Yesterday at my six monthly check-up the doctor said ok, so I decided to start getting back into shape with an exercise regime. In the square next to my condominium there is a set of exercise equipment, ideal for a daily workout first thing. I was just getting ready when I looked out the window´s raining! We haven´t had any rain for ages, it is most aggravating!

Monday, 15 November 2021

Poor little dead duck...

I believe there is a medical term for the condition where someone mishears or misinterprets what they hear, although I can´t remember it. When I was a child I did this often and even now do it occasionally.

My parents used to enjoy listening to The Platters when I was young, on vinyl 78´s, that´s how long ago it was. One day, I must have been about eight at the time, I commented to them that although I liked most of the songs I found one in particular rather sad, I believe it was Bewitched, Bothered and Bewildered, but I can´t really recall. When they asked me why I explained that the song was about a poor little dead duck. After much cogitation and actually playing the record so they could hear what I was referring to, it turned out it was the chorus which went...du diddle de du! Needless to say that became a family joke.


Wednesday, 10 November 2021

Machu Picchu - part six - finally there


Looking down on Intipata (the place illustrated on my trail permit). How on earth do we get way down there, where´s the path?

Made it somehow! Note my footwear...I did 90% of the trail in sandals. Boots are recommended but I had a foot problem which made closed footwear too painful at the time. I´ve since had operations on both feet and am fine now. There were comments and tut tutting from other walkers on the trail and one member of a German group actually took a photo of my feet in sandals! He thought I hadn´t noticed.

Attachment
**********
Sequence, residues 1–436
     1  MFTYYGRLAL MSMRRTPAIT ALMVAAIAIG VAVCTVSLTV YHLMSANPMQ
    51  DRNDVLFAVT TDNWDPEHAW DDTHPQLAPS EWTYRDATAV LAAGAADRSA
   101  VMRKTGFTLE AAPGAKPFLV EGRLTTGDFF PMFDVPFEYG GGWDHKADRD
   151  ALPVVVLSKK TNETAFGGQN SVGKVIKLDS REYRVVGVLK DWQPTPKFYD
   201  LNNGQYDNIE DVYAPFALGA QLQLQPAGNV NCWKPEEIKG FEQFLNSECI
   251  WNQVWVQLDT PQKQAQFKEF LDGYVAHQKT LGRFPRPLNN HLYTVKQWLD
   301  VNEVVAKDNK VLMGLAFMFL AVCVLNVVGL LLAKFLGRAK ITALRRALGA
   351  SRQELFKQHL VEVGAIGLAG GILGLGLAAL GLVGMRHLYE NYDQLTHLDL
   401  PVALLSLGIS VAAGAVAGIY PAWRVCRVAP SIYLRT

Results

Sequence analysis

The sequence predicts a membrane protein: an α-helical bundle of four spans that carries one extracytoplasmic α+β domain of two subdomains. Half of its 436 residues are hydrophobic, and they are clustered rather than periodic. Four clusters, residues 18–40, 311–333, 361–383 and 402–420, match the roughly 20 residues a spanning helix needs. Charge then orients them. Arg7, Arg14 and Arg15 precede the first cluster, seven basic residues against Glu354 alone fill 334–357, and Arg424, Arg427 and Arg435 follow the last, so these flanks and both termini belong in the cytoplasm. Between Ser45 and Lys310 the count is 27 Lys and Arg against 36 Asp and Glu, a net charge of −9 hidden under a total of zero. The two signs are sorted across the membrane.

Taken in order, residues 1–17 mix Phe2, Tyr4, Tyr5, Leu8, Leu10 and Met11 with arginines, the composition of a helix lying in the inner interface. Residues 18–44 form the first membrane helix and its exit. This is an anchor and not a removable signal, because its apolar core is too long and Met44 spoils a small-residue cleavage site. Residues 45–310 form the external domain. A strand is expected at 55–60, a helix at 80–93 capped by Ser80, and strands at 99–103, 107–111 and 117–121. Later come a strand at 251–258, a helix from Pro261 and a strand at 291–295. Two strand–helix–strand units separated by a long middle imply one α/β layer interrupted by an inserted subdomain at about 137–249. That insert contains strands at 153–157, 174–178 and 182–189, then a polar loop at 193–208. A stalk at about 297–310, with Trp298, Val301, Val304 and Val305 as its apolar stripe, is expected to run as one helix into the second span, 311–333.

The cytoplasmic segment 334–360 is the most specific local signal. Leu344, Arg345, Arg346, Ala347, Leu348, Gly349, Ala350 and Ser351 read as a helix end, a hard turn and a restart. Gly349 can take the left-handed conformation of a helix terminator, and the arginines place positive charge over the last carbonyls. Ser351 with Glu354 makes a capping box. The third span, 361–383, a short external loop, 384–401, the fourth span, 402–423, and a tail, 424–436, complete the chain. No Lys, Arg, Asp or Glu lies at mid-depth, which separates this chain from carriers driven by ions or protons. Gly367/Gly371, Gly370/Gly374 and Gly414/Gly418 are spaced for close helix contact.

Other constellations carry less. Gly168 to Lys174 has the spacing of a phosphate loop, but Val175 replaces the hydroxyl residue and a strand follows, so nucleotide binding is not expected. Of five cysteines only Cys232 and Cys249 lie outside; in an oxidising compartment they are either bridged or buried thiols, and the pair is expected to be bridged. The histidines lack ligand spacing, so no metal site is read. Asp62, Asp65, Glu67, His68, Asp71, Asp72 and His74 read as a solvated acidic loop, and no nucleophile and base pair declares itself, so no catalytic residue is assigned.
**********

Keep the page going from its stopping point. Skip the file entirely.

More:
We were getting close now. This final part of the trail had some exceedingly steep steps you had to virtually crawl up. They led to Intipunku - the Doorway of the Sun.

 Once through the 'doorway' you are at a high point overlooking Machu Picchu in the distance.

I couldn´t believe I had made it...I must confess there were tears in my eyes. We still had some walking to do to get there but it was a gentle downhill stroll compared to what had gone before. Partway along you reach the point where the classic photo is always taken.

This is actually a jigsaw I have hanging in pride of place in my study, it is a far better picture than the one I took! When we reached Machu Picchu late afternoon, we went straight down by bus to Aguas Calientes to finally have a very welcome shower, relax, eat and spend the night and meet up with the rest of our group. Next morning we went up the mountain again by bus and had a proper tour with a guide. It was a truly awe-inspiring experience, everything you imagine and then some, and well worth all the blood, sweat and tears to get there!

This, believe it or not, is the road the bus goes up and down! It is about a 30 minute ride. Aguas Calientes, at the base of the mountain, is a village on the Urubamba river where there are hot springs. We had hoped to relax in them but a serious flood the previous day had destroyed the pools as well as some village houses.